There’s also value in building that relationship with the city like you said. There are a couple of things I want to add here. He talked about rezoning. Also, don’t ask for variances because again variances will slow things down quite a bit. Variance is a fancy word for exceptions. I want to do something a little bit different. It’s only this little thing. If it’s such a little thing, don’t ask for it because it will slow things down quite a lot. The other thing is to take the time to get to know the planners and the engineers in the planning departments of your city, especially when you’re starting. Even though everything is laid out online and with the zoning, you’ll have things come up. One of my favorite questions with my different planners that I go and see in the different cities is, “Is there something I should be asking you that I don’t know to ask?”
For instance, I’ve got a project that I’m interested in Campbell and they’ve got all the electric wires above ground, but they’re trying to change in that particular area to have everything underground. Every single developer that comes in that gets new permits has to go underground. There’s no way we could have known that by looking at it online, but I knew it because I went in and they know me. Everybody in the office was like, “Moneeka, you should be paying attention to this. Moneeka, this is probably going to cost you about another $100,000 on that project.” I was like, “At least now I know what my hard costs are, what my soft costs are and what this is going to take to make it happen.” As you start to open up that conversation and you’re a likable person and they want to help you out, you start to have these conversations where you get so much more information about what’s possible.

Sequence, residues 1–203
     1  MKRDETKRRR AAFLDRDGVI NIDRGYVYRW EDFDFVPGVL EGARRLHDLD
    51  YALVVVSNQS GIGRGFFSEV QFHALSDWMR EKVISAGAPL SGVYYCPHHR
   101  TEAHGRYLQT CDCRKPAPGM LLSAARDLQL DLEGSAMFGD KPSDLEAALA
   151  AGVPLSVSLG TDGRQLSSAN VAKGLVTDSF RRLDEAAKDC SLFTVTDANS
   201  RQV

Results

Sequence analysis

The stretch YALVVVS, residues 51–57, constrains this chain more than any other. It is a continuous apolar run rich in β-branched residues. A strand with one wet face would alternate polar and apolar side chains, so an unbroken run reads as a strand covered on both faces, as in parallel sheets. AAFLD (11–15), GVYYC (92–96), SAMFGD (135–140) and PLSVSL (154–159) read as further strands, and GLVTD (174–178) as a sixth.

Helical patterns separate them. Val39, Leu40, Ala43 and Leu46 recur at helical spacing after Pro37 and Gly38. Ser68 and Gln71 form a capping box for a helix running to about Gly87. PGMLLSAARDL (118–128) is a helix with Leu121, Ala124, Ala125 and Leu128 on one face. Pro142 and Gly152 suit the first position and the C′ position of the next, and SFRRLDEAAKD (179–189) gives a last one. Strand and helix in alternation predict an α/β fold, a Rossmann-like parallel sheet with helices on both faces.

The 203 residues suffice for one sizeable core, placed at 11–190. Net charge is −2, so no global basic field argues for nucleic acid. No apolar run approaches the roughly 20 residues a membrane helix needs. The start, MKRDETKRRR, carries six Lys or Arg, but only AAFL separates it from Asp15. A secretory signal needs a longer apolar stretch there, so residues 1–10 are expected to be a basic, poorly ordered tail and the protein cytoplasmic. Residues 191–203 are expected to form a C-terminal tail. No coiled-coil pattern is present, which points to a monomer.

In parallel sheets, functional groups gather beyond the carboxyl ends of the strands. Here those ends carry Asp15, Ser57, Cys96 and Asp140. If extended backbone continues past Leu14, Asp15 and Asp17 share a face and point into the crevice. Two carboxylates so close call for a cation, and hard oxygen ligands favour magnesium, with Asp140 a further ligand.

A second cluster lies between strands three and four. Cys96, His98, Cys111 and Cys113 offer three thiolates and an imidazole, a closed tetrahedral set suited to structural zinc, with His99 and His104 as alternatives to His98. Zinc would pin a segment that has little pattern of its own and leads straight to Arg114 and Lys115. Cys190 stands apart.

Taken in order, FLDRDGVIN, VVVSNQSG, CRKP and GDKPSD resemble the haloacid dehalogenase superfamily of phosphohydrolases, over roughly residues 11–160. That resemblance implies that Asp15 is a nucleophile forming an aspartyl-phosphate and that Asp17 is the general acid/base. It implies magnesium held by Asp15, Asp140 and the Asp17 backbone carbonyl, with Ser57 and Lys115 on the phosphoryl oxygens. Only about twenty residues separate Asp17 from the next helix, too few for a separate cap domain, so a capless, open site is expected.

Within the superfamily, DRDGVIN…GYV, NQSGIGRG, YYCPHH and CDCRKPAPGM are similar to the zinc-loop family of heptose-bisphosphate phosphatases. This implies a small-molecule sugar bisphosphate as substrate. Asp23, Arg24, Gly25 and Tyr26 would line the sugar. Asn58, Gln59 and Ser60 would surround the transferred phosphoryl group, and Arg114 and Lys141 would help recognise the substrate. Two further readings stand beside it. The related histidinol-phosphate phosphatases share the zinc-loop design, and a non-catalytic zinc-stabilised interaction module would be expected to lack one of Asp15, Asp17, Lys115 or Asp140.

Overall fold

I don’t know what it’s called up in the Bay Area, but at least here in LA, it’s called a Q condition. It’s a Q overlay. You might view it online. It’s an R2. This is what it is. When you go into the actual city, there might be what’s called a Q overlay where they may have added something that the website hasn’t picked up yet because it hasn’t kept up in real-time. A bill modeling passed down by the local council to say, “We want all power lines now to go underground.” That might not be online yet because it was only past 6 or 7 months ago. Keeping those relationships up is important.
The one thing I’ll also add is how blown away I was when I first moved to this country that pre-COVID, you could walk into most cities and have a chat with someone who is in the city planning department, and they’re willing to do it. You’re taking a ticket at a meat sale line and I call your name out and you go up and say, “I’m looking at this particular piece of land. Is there anything else in this state or county in its Q conditions? Are there any other Q conditions I need to be made aware of to see if I’m doing my due diligence?” You can do that before you even bought the property. In Australia, you can’t do that. The system isn’t set up like that. Realize that the access to information here is so much greater than when you’re trying to develop in other countries, even like in my home country of Australia.
Originally when I started doing this, I was like, “I haven’t made an offer. I don’t know if I’m going to buy this place.” I felt a little bit bad about taking their time, but no, they love it. They love chatting. It’s like a puzzle for them. They’re like, “Yes, we could do this. We could do that.”
The other thing I’ll quickly add in there is for us, we bought this house. It was 1912. They don’t have any plans on record of what the house looks like. They have some very loose papers that it’s a 3-bedroom, 1-bath, but they don’t have physical plans of it. When you’re going in to do these improvements, they love the fact that you’re bringing plans to the city and that goes on file for the next 100 years or whatever it is. The city is incentivized to make sure they’re collecting as much data as they can. When you’re in there, even when you’re prospecting, they’re interested to know what you might want to do with it because that might give them ideas for their planning or urban development committees in their file.